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C.. .E1.E~FENSE. -. PAGES ,rROM TH NEWS AtSHIS'*Work on the new Civil Defense HeadTHIS MONTH quarters-office for the Pacific side is .• progressing. This new Control Center is being constructed next to the restaurant 50 Years Ago oil tanker "Phoenix," owned by the Amerin the Administration Building at Balboa ican Tankers Corporation and under charHeights. At the same time the survey of The best record for excavation in one ter to the Continental Grain Co. She was rooms in the Administration Building in day since the beginning of the Canal work northbound November 23, 1933, with 7,116 Cristobal for an Alternate Control Center by the American forces was set November tons of wheat from Portland, Oreg. to was approved by Lt. Governor McElheny. 30, 1908, when 67,130 cubic yards of maGalveston, Tex. Canal officials said they Most of the communications equipment for terial was taken out by 53 steam shovels thought this the first passage of a grainthe two offices has already been received, working in the Central Division. This carrying tanker in at least 10 years. averaged 1,256 cubic yards per shovel, a The Canal Zone was Antarctic-minded Additional classes in Home Nursing husky day's work by anyone's count. 25 years ago this month. Following close aredplanditoSatasse n d Nrsg The primary reason why the "no help on the arrival of the Byrd expedition's are planned for Santa Cruz and Paraiso. wanted" sign is displayed along the line of Jacob Ruppert came the 60-year-old, TheParaisocandidatesarepresentlytaking the Canal is that work has passed its highsquare-rigged, oak-hulled Bear of Oakland, the required preliminary first aid course. est point so far as the employment of men a former whaler later turned Coast Guard is concerned, "The Canal Record" anship. Her crew included five scientists Plans are being made for the observnounced with what was later to prove confor the Byrd expedition. She was delayed ance of National Civil Defense Day siderable inaccuracy. (The force in Noslightly when repairs had to be made to which will be observed throughout the vember 1908 totaled 29,827; the highest her bow, damaged when she brushed the United States and possessions on Pearl number ever employed by the Isthmian side of Miraflores Locks. Meanwhile, Harbor Day, December 7. An order for Canal Commission and Railroad combined Canal Zone Scouts gathered at Balboa three special informative booklets has was over 43,400 in 1913.) From this time to pay honors to Paul A. Siple, Eagle Scout been forwarded to Headquarters at Battle forward, "The Record" of 50 years ago and biologist for the Byrd expedition. Creek, Mich., and should arrive on the continued, the work on the Canal Zone will Isthmus the latter part of November. It be confined largely to the actual Canal 10 Years Ago is also planned to show some educational building, that is, to excavation and dam In connection with an extensive revicivil defense films at the Balboa Theater. and lock construction. Building and musion of the wage and salary schedule of nicipal work, erecting houses, installing the Panama Canal and the Panama RailTraining kits for use in the Canal Zone water and sewer systems, and road making road, officials announced thgelimination High Schools on radiological monitoring have reached the stage where most of the of the terms "gold" and "silver," used have arrived on the Isthmus. The Canal expenditure from this time forth will be since the construction period to differenZone schools are participating in this for maintenance. tiate between locally-hired and imported national training program in which 6,000 In a heavy fog in New York harbor employees. high schools with a million students are early in the morning of November 26, R participating. the Panama Railroad's steamer Finance Reduction in force notices were sent out was rammed and sunk by the White Star ten years ago this month to more than a A communications plan was submitted liner Georgic. The Finance was struck tenth of the Mechanical-now Industrialand discussed late last month by those amidships by the Georgic's bow, the blow Division force. The notices affected 77 responsible for communication facilities exploding an ammonia tank in the hold. skilled and 82 unskilled workers. The rein case of a civil defense emergency. The Three passengers on the Finance bound duction, heaviest in more than two years, ine ofan il dfenswg e ie en. The for the Isthmus and the ship's third aswas made because of the marked decline in new plan will now go to the Lieutenant sistant engineer were drowned. The Fibusiness, primarily marine repair work. Governor for approval. nance was 295 feet long and grossed As November ended, all three of the 2,603 tons. Panama Line's ships were held in New OVEMBER VOLUNTEER CORPS MEETINGS The design for the medals which, in York by a longshoreman's strike which Date Town Plce Hour accordance with the promise of President affected all East Coast ports. All ship 5, 12, 19, Margarita (Home Service 9-" a. m. Theodore Roosevelt, were given to all emmail and packages were routed through and 26 Nursing Classes) Center 1-3 p. m. T New 31 Rainbow City School 6:3o p. m. ployees of the Isthmian Canal Commisswn Orleans; the Canal's commissaries 13 Santa Cruz Service Center 8:oo p. m who served two or more years on the Canal had laid in extra supplies in case the 17 Paraiso School 7:30 P. I. work, was finished by Victor D. Brenner, strike was prolonged. famed medalist. One Year Ago A party of eighteen men started a topSeveral million dollars worth of Panographical survey of the watershed of the Chagres River to determine the drainage ama Canal Company property, most of area of the river. From this, engineers it on the Atlantic side, was formally • i -• • i. vvwould be able to estimate the water suptransferred to the Republic of Panama WE' IFK TT wold e ale t esimae th waer up-a year ago this month, in accordance with Official Panama Canal Company Publication ply for Gatun Lake. provisions of the 1955 Treaty. Also in Published Monthly At Balboa Heights, C.Z. 25 Years Ago November 1957: Two Congressional Printed by the Printing Plant, Mount Hope, Canal Zone In line with the policy announced the groups, one from the House Post Office previous month by the Presidents of the and Civil Service Committee and the W. E. POTTER, Governor-President United States and Panama to curtail other the Panama Canal subcommittee JOHN D. MCELHENY, Lieutenant-Governor commercial activities in the Canal Zone, of the Merchant Marine and Fisheries WILLIAM G. AREY, JR. two restaurant concessionaires, Carl Committee arrived for hearings here, and Panama Canal Information Officer Strom and H. Smith were notified that a third Congressional group, from the they had 30 days to close up their Canal House Appropriations Committee spent J. RuFus HARDY. Editor Zone business. Late in November they two days on the Isthmus on an inspection ELEANOR MCILHENNY, Assistant Editor were given an additional month's grace. trip; Maj. Gen. L. J. Sverdrup, of the EUNICE RICHARD, Editorial Assistant Traffic through the Panama Canal conSt. Louis firm of Sverdrup & Parcel, continued its upward trend in November 1933. ferred here with Canal officials on the On sale at all Panama Canal Service Centers. November transits totaled 509, compared design of the Canal bridge; R. G. LeRetail Stores, and The Tivoli Guest House for 10 days after publication date at S cents each. Subwith 434 for the previous November, and Tourneau dropped in briefly to confer on ucrlptions, $1 a year; mail and back copies, 10 414 for November 1931. Three Canal the new towing locomotives; just after cents each. pilots, laid off in July because of reduced the Gatun Lake level rose high enough Postal money orders made payable to the Pantraffic, were restored to their jobs. An unso that all Diesel plants could finally be ama Canal Company should be mailed to Editor, The Panama Canal Review, Balboa Heights, C. Z. usual transit during the month was the shut down, floods disrupted highway, rail, communications, and power systems November 7, 1958 THE PANAMA CANAL REVIEW 5 on the Atlantic side.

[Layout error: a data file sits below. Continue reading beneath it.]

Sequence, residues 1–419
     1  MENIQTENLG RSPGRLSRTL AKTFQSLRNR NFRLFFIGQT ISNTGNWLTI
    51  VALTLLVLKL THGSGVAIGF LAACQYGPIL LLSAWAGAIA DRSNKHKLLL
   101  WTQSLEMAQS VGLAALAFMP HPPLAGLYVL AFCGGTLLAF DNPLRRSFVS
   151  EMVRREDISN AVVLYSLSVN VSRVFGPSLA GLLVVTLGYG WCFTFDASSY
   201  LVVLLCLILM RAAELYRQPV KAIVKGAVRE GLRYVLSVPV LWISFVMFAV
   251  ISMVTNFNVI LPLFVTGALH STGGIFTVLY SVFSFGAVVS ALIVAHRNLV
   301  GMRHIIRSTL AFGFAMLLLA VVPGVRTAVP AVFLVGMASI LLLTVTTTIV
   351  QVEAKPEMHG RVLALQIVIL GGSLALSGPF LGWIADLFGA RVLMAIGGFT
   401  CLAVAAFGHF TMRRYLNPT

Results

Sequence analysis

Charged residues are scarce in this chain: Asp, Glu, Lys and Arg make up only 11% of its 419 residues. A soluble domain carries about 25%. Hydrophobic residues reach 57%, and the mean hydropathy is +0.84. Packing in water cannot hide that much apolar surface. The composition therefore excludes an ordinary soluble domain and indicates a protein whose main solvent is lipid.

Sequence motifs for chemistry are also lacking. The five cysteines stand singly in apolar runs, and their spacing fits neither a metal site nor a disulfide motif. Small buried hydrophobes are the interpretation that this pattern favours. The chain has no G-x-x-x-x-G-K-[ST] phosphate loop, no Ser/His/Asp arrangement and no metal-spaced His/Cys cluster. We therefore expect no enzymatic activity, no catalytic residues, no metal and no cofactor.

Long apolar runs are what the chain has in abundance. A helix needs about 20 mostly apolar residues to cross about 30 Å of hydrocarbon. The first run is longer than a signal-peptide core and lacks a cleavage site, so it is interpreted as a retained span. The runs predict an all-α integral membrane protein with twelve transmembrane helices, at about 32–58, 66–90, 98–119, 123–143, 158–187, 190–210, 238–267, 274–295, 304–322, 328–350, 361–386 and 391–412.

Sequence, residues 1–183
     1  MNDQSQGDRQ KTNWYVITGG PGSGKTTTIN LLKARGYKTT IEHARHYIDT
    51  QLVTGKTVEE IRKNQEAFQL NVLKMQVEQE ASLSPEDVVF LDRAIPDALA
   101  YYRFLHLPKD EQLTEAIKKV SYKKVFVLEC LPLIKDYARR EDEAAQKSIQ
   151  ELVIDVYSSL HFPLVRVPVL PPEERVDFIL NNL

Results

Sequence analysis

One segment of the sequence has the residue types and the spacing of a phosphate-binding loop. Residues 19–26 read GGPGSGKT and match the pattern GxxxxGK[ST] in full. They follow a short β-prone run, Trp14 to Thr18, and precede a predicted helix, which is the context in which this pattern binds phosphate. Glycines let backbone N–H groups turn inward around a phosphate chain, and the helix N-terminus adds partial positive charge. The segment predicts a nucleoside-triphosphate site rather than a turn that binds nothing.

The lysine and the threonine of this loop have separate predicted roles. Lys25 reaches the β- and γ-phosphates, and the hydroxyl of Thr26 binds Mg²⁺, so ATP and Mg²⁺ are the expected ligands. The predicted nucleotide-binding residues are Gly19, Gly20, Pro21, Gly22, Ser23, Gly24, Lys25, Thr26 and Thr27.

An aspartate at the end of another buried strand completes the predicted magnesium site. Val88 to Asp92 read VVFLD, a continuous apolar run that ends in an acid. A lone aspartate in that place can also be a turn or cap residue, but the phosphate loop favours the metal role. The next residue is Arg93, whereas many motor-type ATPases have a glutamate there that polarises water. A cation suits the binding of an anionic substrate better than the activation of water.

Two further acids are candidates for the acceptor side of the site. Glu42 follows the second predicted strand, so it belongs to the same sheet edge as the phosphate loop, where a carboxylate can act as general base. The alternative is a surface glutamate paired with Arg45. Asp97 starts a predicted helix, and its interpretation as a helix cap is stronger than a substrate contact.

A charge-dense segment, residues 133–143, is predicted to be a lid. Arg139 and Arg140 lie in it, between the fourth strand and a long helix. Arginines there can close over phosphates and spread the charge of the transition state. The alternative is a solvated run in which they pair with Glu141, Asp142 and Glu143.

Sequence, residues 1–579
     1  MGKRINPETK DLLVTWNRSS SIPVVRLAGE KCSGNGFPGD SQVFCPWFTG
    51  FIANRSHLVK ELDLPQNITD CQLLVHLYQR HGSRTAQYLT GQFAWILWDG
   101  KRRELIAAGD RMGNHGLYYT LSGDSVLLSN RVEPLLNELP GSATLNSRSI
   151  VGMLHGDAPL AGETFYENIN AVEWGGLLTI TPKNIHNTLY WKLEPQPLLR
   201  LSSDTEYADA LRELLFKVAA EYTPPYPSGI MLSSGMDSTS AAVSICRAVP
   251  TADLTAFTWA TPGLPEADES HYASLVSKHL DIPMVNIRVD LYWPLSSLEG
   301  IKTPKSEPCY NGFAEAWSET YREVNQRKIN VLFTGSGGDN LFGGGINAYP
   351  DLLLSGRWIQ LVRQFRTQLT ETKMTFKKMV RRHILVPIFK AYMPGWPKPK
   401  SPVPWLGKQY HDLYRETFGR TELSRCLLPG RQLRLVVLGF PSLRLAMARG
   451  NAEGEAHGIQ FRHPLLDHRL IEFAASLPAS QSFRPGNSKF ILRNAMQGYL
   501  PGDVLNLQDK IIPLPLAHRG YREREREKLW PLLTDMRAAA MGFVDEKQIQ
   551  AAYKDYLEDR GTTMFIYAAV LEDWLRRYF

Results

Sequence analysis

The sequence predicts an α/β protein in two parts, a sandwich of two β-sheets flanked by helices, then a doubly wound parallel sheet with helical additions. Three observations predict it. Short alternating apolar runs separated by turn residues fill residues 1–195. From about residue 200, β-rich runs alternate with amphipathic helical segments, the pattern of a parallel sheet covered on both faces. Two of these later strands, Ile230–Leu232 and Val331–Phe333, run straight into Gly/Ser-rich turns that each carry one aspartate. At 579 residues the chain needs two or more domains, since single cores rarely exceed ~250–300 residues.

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Local Tourist Season Fenders Removed Gets Off To Earliest Start In Many Years With the arrival in Cristobal today of I the big cruise liner, Caronia, the local tourist season gets off to one of the earliest starts and possibly the busiest seasons in years. As this issue of THE REvIEW went to press, the Navigation Division had requests for 34 trips of the ferryboat Presidente Porras carrying tour parties through the Cut. In addition to the early start of the tourist season, another unusual feature of this year's cruise schedule is the fact that the November visitors are four of the largest tour ships which, normally, do not start their Caribbean or around-the-world schedules until much later in the season. The 34 reservations represent 16 cruise ships, inasmuch as several of the big liners will make more than one call here The LeTourneau towing locomotives made possible by the research program. before the end of March. have a shorn look without their big, Personnel from R. G. LeTourneau, Inc. Most frequent of this year's visitorsrubber-tired fenders, which have been manufacturers, were here to make the with five calls scheduled-will be the removed for a new series of operating necessary alterations for the present tests. Arosa Sun, due on December 24, January tests at Gatun Locks. One locomotive is They are also assisting personnel of the 10, January 24, February 9, and March 1. used on the center wall and one on side Marine and the Engineering and ConThe Nieuw Amsterdam will make four wall. Tests earlier this year and the presstruction Bureaus in trying out the new calls: November 8, December 29, Febent series have been of major value and towing devices on Canal floating equipruary 11, and March 17. The Evangeline lock operations will reflect economies meant and ships up to 315 feet in length. and the big Empress of England will make three calls each, and the Gripsholm, Homeric, Mauretania, and Ocean Monarch are Nieuw Amsterdam, March 17; and EmFormer scheduled for two calls apiece. press of England, March 21. Two Zone Ofcials Cruise parties on the January trips of In addition to these ships, the Handing Bu Lives IT U the Gripsholm, January 14, and the Emseatic, the former Empress of Scotland, is Lea sy i n U. press of England, January 22, are to be due in Cristobal the morning of February Two former Lieutenant Governors, so large that the ferry will make two trips 2, on a West Indies cruise. She sails from Col. Herman W. Schull and Col. Hugh through the Cut for each ship, one in the Cristobal late the same night. M. Arnold, have extended the busy lives morning and another in the afternoon. they led on the Isthmus to their new In addition to her call at Cristobal TRANSITS BY OCEAN-GOING homes in the United States, according to November 24, the Kungsholm is schedVESSELS IN SEPTEMBER letters received by friends in the Zone. uled to transit the Canal January 15 for Colonel and Mrs. Schull have moved a cruise which will take her to the South 1957 1958 from Coral Gables to Jupiter, Fla., and Seas and Pacific ports. She will return Commercial -----------771 717 presently are building a home there. to Balboa April 13 for northbound transit. U. S. Government -------18 19 And Colonel Schull, recently appointed On the outward voyage, the Kungsholm will General Manager of the Florida Inland berth in Balboa and on the homeward Total ---------789 736 Navigation District, has a long canal to bound trip she will dock in Cristobal; look after-the Intracoastal Waterway each stop will be for several hours. TOLLS* from Miami to Jacksonville. Their mailThe list of cruise ships which will dock Commercial ---$3,508,949 $3,360,346 ing address is Box 686, Jupiter, Fla. in Cristobal and use the ferry boat PresiU. S. Government 69,019 102,902 Colonel Arnold-now Commander of dente Porras for a partial transit of the the 20th Engineer Brigade-and his fainCanal for their passengers follows: Total __$3,577,968 $3,463,248 ily live at Fort Bragg, N. C. Both he NOVM ER: Caronia, Nov. 7; Nieuw CARGO (long tons) and Mrs. Arnold have already become engrossed in a variety of community and Amsterdam, Nov. 8; Stockholm, Nov. 17; Commercial ----3,936,498 3,496,070 civic activities. Among many other and Kungsholm, Nov. 24. The Stockholm U. S. Government 36,360 117,425 things listed in a recent letter he is Presis carrying a group of doctors and their ident of the Ft. Bragg School Board, wives; she is scheduled for a call at the San Total___ 3,972,858 3,613,495 and she is busy in both Gray Lady and Blas Islands before reaching Cristobal. DECEMBER: Arosa Sun, Dec. 24; Evan*Includes tolls on all vessels, ocean-going and small Nurses' Aid work. geline, also Dec. 24; Gripsholm, Dec. 29; Nieuw Amsterdam, also Dec. 29; OlymTRAFFIC MOVEMENT OVER MAIN TRADE ROUTES pia, Dec. 30. The following table shows the number of transits of large, commercial vessels (300 JANUARY: Arosa Sun, Jan. 10; Homeric, net tons or over) segregated into eight main trade routes: Jan. 13; Gripsholm, Jan. 14; Oslofjord, First Quarter, Fiscal Years Jan. 21; Empress of England, Jan. 22; Arosa Sun, Jan. 24; Mauretania, Jan. 27; 1959 1958 1938 Maasdam, Jan. 30, and the Ocean MenUnited States Intercoastal -------------------------153 148 349 arch, Jan. 31. East Coast of U. S. and South America -------------485 564 97 FEBRUARY: Evangeline, Feb. 4; Arosa East Coast of U. S. and Central America ------------103 125 19 East Coast of U. S. and Far East ------------------350 415 217 Sun, Feb. 9; Empress of England, Feb. 10; U. S./Canada East Coast and Australasia ------------48 46 49 M'ieaw Amsterdam, Feb. 11; Mauretania, Europe and West Coast of U. S./Canada -----------206 211 194 Feb. 18; Homeric, Feb. 19; Ocean MonEurope and South America -----------------------278 238 137 arcFe, eb. 21; and Berlin, Feb. 23. Europe and Australasia ---------------------------88 92 44 ar.,All other routes -------------------------------------550 532 300 MATCW: Arosa Sun, March 1; Evangel r... 532 _300 line, alsD March 1; Stella Polaris, March Total Traffic ------------------------------2,261 2,371 1,406 3; Empress of Scotland, also March 3; 12 THE PANAMA CANAL REVIEW November 7, 1958